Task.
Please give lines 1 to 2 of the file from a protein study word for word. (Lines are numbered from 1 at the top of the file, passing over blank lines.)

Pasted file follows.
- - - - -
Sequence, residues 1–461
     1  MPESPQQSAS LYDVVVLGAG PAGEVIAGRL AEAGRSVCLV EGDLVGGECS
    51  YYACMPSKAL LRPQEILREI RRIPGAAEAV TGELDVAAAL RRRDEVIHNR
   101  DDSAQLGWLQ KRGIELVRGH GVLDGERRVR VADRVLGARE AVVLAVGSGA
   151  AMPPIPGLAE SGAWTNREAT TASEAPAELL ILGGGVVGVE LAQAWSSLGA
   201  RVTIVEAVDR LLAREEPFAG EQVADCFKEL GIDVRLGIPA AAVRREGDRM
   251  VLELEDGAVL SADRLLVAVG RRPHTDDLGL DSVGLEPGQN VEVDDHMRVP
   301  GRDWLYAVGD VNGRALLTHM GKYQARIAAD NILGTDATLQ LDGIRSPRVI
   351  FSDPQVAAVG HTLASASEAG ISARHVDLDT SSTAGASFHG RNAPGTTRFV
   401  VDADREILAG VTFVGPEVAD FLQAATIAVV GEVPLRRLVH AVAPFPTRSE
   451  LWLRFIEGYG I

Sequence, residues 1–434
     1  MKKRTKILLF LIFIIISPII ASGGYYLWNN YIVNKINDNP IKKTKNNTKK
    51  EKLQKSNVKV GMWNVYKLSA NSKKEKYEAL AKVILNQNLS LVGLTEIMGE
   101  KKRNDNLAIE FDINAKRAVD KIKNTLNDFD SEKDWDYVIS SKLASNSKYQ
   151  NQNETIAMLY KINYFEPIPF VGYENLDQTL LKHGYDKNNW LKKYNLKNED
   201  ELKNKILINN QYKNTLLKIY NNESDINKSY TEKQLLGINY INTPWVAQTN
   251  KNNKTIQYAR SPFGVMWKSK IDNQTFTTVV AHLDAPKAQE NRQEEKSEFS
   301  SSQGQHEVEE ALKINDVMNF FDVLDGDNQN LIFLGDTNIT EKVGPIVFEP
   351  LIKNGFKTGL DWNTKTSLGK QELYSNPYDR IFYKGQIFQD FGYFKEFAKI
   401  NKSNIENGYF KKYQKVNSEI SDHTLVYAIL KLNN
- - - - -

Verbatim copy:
Sequence, residues 1–461
     1  MPESPQQSAS LYDVVVLGAG PAGEVIAGRL AEAGRSVCLV EGDLVGGECS